Accountant Cynthia Drummond works on her bed, to which she has been primarily relegated during her bout with valley fever. Fatigue and pain have left her mostly bedridden.

It was a Thursday afternoon in October when Cynthia Drummond felt a sharp pain in her lower right back.

At first she thought the pain was kidney stones. She’d had them before, and this pain was just as bad, if not worse.

Then she feared it was a cancerous tumor. After three months of medical tests and doctors visits, Drummond, 48, appears to have the answer — valley fever.

A busy accountant, Drummond lives in Benson with her husband, who works in law enforcement, and her 13-year-old stepdaughter. Until October, she commuted to her job in Tucson. She now spends six hours a day working from her bed, her computer on her lap.

She is tired all the time, and on painkillers for the nodule in her lung that’s causing her back pain. She gets night sweats and often has a low-grade fever. Her joints ache. Each time she breathes in, it hurts.

On the rare occasions when she drives, she carries an oxygen tank and emergency inhaler in her car. And since she can’t drive while on painkillers, she must endure pain that is, at times, agonizing.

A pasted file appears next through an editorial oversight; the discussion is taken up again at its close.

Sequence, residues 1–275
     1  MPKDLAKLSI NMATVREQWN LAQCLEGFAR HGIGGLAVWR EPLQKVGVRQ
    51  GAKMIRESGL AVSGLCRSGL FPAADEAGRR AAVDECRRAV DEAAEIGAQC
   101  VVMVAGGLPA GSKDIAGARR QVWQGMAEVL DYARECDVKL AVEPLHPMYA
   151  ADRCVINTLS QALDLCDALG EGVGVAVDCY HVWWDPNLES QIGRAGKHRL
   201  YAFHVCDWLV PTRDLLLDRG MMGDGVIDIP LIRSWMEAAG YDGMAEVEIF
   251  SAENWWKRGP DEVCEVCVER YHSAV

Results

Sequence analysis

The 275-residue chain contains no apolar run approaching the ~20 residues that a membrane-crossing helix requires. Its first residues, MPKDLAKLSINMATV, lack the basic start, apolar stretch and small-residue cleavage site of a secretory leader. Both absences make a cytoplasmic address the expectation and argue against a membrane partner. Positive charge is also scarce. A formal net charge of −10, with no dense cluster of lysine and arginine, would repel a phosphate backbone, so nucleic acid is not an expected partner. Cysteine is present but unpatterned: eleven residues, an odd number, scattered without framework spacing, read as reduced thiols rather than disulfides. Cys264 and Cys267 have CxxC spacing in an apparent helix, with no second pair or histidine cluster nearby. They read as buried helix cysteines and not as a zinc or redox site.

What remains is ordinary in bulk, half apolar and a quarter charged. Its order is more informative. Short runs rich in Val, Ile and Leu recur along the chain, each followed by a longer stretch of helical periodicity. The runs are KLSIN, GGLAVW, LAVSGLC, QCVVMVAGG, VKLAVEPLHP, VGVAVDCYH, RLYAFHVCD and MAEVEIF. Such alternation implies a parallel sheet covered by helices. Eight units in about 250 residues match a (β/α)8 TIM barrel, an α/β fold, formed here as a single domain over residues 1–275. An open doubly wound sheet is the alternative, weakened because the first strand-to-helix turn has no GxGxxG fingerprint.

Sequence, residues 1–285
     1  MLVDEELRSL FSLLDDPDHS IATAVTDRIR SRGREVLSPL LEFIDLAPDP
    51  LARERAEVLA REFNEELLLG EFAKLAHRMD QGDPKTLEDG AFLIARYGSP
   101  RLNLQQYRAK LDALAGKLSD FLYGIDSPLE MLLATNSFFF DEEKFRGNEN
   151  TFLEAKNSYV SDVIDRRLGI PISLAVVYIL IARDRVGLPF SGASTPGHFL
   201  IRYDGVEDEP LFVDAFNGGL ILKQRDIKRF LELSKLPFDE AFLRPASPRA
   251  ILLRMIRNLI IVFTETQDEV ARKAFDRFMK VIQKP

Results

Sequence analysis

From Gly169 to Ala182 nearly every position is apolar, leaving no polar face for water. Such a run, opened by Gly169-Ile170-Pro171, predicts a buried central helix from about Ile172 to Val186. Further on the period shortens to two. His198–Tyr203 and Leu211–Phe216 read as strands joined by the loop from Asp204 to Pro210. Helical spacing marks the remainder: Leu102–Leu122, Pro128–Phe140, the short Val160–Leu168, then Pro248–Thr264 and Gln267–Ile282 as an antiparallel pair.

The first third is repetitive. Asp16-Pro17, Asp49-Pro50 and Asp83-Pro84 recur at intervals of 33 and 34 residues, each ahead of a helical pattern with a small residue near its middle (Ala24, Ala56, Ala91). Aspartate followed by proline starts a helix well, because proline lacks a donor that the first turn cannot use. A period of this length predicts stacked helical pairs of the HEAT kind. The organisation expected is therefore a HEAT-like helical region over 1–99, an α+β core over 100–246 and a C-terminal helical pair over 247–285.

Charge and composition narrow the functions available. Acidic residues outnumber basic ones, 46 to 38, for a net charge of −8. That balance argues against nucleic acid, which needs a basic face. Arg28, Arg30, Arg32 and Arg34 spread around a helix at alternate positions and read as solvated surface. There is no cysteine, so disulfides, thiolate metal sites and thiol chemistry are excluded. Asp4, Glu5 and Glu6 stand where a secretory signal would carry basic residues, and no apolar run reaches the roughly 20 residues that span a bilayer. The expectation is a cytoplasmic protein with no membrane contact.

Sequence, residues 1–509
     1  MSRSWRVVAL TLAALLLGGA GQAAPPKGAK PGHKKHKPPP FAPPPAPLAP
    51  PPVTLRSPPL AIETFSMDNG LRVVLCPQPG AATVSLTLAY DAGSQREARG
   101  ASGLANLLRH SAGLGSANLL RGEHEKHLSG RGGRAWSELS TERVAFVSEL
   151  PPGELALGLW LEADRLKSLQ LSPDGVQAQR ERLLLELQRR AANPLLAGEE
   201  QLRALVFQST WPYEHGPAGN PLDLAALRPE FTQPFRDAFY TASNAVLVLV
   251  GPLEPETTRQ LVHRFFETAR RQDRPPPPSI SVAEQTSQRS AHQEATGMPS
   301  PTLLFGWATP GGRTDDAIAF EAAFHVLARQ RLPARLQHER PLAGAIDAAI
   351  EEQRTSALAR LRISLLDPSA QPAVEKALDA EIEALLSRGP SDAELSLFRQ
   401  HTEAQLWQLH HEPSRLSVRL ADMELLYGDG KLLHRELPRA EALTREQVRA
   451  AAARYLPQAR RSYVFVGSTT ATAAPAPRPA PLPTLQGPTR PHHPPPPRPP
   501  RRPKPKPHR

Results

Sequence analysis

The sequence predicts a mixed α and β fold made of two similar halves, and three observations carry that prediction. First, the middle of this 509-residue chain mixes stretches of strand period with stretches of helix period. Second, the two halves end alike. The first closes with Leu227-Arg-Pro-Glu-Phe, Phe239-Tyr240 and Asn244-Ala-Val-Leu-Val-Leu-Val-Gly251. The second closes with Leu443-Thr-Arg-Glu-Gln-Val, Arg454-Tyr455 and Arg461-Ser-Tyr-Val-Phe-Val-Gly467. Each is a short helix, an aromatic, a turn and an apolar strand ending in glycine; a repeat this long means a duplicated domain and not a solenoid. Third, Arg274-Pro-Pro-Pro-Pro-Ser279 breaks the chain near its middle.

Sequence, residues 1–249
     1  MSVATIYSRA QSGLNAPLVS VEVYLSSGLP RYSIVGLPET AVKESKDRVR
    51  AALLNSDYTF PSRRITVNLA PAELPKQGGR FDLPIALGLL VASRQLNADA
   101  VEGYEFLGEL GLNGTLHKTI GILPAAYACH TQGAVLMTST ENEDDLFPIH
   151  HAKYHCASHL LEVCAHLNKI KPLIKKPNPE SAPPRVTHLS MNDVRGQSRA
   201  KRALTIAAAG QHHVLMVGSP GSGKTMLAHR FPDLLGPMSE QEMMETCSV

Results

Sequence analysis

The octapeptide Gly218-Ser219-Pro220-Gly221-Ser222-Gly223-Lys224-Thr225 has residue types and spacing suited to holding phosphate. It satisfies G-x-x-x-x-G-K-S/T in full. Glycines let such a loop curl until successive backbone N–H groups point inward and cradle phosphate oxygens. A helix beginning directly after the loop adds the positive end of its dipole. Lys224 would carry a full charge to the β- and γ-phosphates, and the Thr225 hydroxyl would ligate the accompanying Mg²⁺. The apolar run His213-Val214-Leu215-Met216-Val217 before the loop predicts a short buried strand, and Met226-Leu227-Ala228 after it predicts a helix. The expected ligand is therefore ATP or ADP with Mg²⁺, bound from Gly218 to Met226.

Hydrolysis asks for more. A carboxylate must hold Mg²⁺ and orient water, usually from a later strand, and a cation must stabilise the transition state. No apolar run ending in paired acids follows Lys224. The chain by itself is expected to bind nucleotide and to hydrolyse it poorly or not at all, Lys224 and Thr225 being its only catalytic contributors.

When a coccicioides spore is inhaled into the lung, it can change into a larger, multicellular structure called a spherule. The spherule grows and bursts, releasing endospores and creating more spherules. Symptoms generally occur within three weeks of exposure.

Nodules are lesions left from the infection, and often don’t cause any pain. But the location of Drummond’s nodule has complicated her case.

Drummond can’t know for certain that her nodule is valley fever, because the tumor is in such a precarious spot at the bottom of her lung that doing a biopsy could result in a puncture to her diaphragm, threatening her life. Doctors have told her they are 93 percent certain it’s not lung cancer.

Her blood panels for valley fever, which test for antibodies, have come back negative, but false negatives are common, said Dr. John Galgiani, a physician who is director of the UA’s Valley Fever Center for Excellence.

Drummond now has her fingers crossed that the antifungal fluconazole medication she began taking in January will shrink the nodule.

Otherwise, she faces a risky surgery.

“You just feel crappy, like you have the flu all the time,” she said. “You have no idea what it takes for me to get up in the morning.”